The COVID-19 crisis has affected franchise operations significantly. One way that franchisors have had to pivot is by carrying out virtual visits. And, due to them being a big success, they will likely be used long into the future even when things return to ‘normal’.
Set up a scheduled call with your franchisees. Ask them questions like ‘Do you feel like you are achieving your goals?’ ‘Is there anything else me or the franchise team can do to help?’ ‘Have there been any issues?’
You can then use this information to help improve operations for the entire franchise network and run training days to make sure every franchisee is achieving their full potential.
3. Analyse their financials
Another way to measure the performance of your franchisees is by analysing the franchise fee you receive. Often, the franchise fees are paid monthly as a percentage of gross sales. This can therefore indicate how well franchisees are performing. You can monitor and verify the fees by reading the financial statements that they submit under the franchise agreement.
However, to make sure that the franchisee is performing by the operating and brand standards as well as succeeding financially, you will need to do a spot check, an operations audit, or one of the other strategies covered in this list.
4. Ask to receive all customer comments
One method to check in with your franchisees is by asking that you receive all comments and complaints they get from customers. Then, if they are receiving great feedback you can make sure to congratulate them and give them a well-deserved pat on the back. Or, if they are facing some criticism, you can help them get back on track and deal with the complaints the right way.
5. Provide a strong support network
It’s important that your franchisees receive sufficient support and feel like you truly care about their success. It’s not uncommon for there to be franchisee complaints in younger franchise systems that they don’t see the franchisor enough and feel somewhat abandoned. To prevent this, make sure that you show how much you care.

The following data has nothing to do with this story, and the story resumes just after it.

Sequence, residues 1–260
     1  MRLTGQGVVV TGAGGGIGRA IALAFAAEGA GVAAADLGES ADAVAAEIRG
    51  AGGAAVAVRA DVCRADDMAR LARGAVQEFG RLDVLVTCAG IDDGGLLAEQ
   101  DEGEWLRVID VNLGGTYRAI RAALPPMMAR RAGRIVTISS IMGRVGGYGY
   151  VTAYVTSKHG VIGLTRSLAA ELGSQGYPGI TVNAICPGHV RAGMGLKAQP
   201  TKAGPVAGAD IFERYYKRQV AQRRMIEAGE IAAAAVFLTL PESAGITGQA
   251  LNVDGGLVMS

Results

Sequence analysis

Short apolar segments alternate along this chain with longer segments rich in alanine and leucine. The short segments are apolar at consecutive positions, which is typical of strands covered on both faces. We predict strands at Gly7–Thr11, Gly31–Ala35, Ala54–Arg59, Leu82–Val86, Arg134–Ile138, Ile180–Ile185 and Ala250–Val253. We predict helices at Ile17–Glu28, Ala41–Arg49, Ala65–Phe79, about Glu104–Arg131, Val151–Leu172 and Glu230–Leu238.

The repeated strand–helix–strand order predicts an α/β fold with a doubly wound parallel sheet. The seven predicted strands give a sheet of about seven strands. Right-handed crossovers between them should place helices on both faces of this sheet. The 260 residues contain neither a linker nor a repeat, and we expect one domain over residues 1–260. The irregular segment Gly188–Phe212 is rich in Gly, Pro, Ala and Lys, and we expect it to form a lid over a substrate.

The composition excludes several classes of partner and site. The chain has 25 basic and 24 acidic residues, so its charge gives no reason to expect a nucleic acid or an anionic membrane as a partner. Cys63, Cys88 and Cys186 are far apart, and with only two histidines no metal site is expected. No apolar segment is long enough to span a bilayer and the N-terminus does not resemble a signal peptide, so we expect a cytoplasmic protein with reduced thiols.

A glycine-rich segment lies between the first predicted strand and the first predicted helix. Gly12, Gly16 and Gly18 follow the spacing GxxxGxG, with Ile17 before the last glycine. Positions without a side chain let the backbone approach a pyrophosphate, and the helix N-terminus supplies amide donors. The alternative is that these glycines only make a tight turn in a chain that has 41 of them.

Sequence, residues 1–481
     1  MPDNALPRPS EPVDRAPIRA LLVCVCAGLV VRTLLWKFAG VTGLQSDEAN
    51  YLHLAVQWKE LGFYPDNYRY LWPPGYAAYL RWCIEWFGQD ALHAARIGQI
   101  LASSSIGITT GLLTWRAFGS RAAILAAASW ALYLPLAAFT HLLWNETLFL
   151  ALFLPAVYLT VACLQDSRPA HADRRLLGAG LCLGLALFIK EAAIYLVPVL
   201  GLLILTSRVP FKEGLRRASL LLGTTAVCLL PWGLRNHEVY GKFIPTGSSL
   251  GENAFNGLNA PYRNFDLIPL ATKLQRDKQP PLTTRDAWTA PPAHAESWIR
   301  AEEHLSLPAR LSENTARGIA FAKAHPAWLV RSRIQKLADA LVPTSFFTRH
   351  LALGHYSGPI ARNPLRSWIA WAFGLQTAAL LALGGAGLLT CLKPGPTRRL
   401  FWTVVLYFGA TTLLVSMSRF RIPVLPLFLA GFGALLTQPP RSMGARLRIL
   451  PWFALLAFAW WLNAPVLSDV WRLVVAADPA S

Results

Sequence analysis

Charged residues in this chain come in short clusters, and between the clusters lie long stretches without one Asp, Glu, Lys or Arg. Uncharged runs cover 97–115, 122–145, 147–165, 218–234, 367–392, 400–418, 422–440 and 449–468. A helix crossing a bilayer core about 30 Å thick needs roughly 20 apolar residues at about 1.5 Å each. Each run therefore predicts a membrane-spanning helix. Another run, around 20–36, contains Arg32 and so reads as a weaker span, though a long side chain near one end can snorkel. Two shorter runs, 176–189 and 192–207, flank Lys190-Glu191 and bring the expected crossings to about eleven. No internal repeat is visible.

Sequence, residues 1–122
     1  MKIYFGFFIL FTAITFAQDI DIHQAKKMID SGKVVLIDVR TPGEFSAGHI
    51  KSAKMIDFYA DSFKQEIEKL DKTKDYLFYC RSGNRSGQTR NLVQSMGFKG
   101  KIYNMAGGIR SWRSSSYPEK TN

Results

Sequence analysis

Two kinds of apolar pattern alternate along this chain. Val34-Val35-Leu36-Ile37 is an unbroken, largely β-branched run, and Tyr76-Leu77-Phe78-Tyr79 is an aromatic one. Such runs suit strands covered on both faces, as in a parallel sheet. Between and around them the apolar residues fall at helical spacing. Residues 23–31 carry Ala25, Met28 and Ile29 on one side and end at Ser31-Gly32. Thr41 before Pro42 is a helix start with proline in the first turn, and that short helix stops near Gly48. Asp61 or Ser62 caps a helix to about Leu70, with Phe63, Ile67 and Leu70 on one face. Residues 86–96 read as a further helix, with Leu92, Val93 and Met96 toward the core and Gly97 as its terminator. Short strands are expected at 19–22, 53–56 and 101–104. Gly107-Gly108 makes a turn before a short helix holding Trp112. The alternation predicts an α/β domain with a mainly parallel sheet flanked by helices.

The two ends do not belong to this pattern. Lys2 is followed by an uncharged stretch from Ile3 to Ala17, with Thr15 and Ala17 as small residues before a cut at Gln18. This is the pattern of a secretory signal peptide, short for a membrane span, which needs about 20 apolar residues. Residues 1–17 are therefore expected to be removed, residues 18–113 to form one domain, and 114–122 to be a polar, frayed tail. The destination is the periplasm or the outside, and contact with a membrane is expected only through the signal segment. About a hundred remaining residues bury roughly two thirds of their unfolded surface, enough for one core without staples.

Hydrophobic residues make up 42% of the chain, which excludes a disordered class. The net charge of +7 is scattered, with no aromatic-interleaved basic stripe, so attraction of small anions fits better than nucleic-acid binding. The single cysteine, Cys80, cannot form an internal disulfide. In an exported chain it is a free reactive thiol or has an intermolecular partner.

6. Take part in a course
If you want to become a complete pro at monitoring your franchisees’ performance, you could even take part in a course run by the British Franchise Association (bfa).
The workshop lasts one day and covers topics like why it’s important to maintain standards in the franchise network, what can happen if you don’t monitor franchisee performance and key areas to monitor.
It’s open to franchisors, business development managers, management teams and professional advisors.
Head to its website for more details and to register your interest.
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7. Use our franchisor tips
By using these franchisor tips you should feel more confident with how you can check in with your franchisees. Remember, it’s not a ‘one size fits all’ approach, and this may vary franchisee to franchisee. And, you need to make sure that you give your franchisees as much room to breathe as you promised at your discovery days and in the franchise agreement (so long as they’re not heading into turbulent times).
If you’ve found this helpful, check out our latest articles for franchisors.
Becky Martin, Point Franchise ©